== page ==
Venographic evaluation is reserved for intention to treat and, as such, should include evaluation of venous reflux in the OVs and IIVs, as well as venous compression at the left common iliac and left renal veins. In our practice, we routinely perform intravascular ultrasound (IVUS) of the common iliac and left renal veins, as well as a venographic evaluation of venous reflux during the Valsalva maneuver.


When the angiographic diagnosis is performed and incompetence of the OVs and/or IIVs are established, the goal of the endovascular procedure is to achieve endothelial damage by mechanical, detergent, or osmotic action. It is important to embolize the entire length of the veins, including their tributaries, to prevent new collateralization.13 The choice of embolic agents includes coils, foam, glue, and liquid sclerosants. Although coils and sclerosants are currently endorsed as level 2B evidence for treatment of OV incompetence,14 the choice of embolic depends mainly on an operator’s preference and experience. Coils demonstrate a controlled level of proximal occlusion, while liquid sclerosant agents produce more extensive embolus and are less expensive. That said, there are situations when a single dilated OV without venous collaterals or venous compression can be treated with coils alone, particularly if the coils are tightly packed as seen in Figure 5, which shows a patient with a classic presentation of PeVD and a single left OV.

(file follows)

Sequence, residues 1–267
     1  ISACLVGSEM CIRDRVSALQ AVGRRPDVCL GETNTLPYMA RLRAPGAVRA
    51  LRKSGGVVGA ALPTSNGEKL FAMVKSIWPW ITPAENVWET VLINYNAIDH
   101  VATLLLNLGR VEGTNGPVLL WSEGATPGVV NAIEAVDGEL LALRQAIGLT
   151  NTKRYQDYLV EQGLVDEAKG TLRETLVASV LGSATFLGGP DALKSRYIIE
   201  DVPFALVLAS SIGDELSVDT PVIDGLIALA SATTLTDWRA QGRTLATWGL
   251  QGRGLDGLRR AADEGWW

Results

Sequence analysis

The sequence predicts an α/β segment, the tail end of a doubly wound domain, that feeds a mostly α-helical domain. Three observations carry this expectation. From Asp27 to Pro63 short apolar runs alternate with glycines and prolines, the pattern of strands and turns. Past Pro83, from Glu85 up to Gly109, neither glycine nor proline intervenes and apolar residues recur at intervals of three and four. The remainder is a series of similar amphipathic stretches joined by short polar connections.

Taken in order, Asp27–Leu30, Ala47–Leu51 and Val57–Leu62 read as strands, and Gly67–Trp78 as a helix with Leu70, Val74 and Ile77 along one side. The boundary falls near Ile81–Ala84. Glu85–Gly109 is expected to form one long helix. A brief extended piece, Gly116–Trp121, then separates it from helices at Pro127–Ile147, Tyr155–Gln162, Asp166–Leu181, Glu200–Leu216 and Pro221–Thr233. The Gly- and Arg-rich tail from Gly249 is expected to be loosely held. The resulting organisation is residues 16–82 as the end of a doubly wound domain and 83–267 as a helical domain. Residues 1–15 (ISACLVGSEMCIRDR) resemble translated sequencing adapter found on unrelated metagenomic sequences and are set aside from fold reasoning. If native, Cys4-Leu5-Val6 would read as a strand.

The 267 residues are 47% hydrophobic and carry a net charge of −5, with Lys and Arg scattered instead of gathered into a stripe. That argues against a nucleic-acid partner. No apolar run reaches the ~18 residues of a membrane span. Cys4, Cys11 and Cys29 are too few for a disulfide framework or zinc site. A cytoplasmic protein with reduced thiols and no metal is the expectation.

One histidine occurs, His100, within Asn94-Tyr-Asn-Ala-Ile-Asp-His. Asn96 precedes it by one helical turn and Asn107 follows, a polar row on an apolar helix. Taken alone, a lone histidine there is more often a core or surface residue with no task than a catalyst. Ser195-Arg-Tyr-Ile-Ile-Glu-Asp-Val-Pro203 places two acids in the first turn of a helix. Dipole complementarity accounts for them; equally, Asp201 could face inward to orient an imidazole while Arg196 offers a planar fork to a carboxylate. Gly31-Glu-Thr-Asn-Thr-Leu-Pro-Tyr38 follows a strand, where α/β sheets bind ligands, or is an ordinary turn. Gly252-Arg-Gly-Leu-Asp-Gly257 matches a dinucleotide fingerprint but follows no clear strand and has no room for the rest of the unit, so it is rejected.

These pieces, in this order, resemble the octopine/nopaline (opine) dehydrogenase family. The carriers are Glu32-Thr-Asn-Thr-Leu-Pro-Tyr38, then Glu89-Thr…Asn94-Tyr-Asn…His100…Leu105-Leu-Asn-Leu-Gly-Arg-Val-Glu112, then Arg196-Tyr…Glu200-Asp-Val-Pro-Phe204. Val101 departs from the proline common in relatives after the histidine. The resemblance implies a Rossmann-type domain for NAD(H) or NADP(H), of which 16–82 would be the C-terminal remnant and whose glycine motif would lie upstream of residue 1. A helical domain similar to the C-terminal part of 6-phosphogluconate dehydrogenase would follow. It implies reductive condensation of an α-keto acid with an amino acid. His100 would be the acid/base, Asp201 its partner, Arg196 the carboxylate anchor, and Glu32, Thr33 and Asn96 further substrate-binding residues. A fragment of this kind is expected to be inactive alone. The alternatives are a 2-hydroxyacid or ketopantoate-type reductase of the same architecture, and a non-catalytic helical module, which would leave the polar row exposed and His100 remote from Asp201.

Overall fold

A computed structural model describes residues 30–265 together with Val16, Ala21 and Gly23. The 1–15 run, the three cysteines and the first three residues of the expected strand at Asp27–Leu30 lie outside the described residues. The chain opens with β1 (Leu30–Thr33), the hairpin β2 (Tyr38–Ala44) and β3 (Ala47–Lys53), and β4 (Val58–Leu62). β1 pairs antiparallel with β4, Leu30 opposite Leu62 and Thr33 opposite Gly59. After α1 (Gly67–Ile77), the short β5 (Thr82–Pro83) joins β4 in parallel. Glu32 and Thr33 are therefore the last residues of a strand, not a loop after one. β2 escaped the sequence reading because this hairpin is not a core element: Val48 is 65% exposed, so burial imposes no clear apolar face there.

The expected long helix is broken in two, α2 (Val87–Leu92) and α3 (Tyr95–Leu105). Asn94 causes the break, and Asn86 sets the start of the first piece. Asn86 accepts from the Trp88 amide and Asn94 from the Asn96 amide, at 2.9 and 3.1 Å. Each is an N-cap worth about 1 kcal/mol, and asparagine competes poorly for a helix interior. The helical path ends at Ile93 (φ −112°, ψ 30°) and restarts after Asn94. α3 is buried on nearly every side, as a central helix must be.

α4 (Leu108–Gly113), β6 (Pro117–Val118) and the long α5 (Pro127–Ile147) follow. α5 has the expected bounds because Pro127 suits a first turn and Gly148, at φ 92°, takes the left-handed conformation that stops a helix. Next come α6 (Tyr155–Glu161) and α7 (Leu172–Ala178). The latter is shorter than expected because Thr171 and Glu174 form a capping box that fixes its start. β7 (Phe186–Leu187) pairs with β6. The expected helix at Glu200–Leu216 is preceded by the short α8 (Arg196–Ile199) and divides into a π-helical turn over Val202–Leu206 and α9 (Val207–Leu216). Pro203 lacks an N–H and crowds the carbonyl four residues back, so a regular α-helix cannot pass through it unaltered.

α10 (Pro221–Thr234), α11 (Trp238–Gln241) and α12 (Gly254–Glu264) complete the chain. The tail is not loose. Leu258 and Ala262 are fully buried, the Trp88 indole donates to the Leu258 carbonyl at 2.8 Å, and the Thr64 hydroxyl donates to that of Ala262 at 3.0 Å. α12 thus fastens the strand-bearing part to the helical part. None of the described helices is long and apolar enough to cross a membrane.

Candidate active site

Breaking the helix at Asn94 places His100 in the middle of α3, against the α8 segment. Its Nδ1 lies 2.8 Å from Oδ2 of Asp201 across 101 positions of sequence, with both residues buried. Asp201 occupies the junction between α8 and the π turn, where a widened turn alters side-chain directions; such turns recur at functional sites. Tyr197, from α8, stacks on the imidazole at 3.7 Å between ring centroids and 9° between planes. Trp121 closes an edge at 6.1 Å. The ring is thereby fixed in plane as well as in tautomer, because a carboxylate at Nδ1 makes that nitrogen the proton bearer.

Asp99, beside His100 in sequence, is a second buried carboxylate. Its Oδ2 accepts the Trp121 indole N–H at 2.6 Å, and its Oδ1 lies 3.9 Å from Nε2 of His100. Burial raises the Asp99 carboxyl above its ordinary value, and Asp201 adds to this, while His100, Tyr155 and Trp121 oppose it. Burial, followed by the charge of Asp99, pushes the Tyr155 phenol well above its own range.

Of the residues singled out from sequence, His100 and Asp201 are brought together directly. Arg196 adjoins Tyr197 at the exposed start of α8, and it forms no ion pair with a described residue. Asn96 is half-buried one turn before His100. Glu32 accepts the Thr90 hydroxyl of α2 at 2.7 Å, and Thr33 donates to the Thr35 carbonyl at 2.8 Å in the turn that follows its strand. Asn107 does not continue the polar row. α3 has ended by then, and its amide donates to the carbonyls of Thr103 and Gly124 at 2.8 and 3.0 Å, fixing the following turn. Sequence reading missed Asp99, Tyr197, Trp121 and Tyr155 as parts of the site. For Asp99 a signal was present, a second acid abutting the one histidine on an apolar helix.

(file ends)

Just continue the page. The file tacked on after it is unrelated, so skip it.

Figure 5. Left renal venography demonstrates reflux of contrast (arrow) into the enlarged left OV (A). Left ovarian venography shows reflux of contrast into large pelvic veins (arrow), but no other proximal collateral flow to the pelvis is visualized (B). Tight coil packing of the proximal left OV (arrow) with complete cessation of blood flow into the OVs and pelvic veins after embolization (C).

In situations when extensive venous collaterals and/or duplicated OVs are present, we recommend a combination of sclerosant agent and coil embolization for the OVs (ie, the sandwich technique) and sclerosants for the IIVs. These two procedures can be performed in one setting or in a staged fashion. In our practice, we opt for staging procedures, starting with embolization of the OV, with approximately 20% to 30% of patients presenting with persistent or recurrent CPP after the initial embolization, requiring IIV balloon-occlusion sclerotherapy for optimal clinical relief of pelvic pain.

How We Do It: OV Embolization

For OV embolization, we routinely use right internal jugular vein access due to the shorter and straighter pathway to the pelvic veins, with consequent simpler venous catheterization and catheter exchanges. In cases of retroaortic left renal vein or compromised catheter access from the superior vena cava, the femoral vein can be used as an access point. Initial IVC, left renal, and LCIV venography is performed, and a road map is obtained for further selective catheterization of the OVs and IIVs. This is performed under fluoroscopic guidance with a multipurpose catheter (80–125 cm, 4–5 F) to measure the pressures between the renal and left iliac veins and the IVC. Significant left renal and LCIV lesions are defined by either significant vein compression, opacification of the collateral veins, or retrograde flow through the gonadal veins. Next, selective cannulation of the left OV is performed with a Cobra-shaped or multipurpose catheter. A 10-mL contrast medium is hand injected into the vessel while the patient is asked to perform a Valsalva maneuver. Alternatively, the table can be tilted into the reverse Trendelenburg position. Reflux into the pelvic veins, dilated gonadal veins (> 5 mm), and contrast pooling in the pelvis should be documented as criteria for PeVD. Typically, each encountered diseased vein is treated before evaluating the next vein.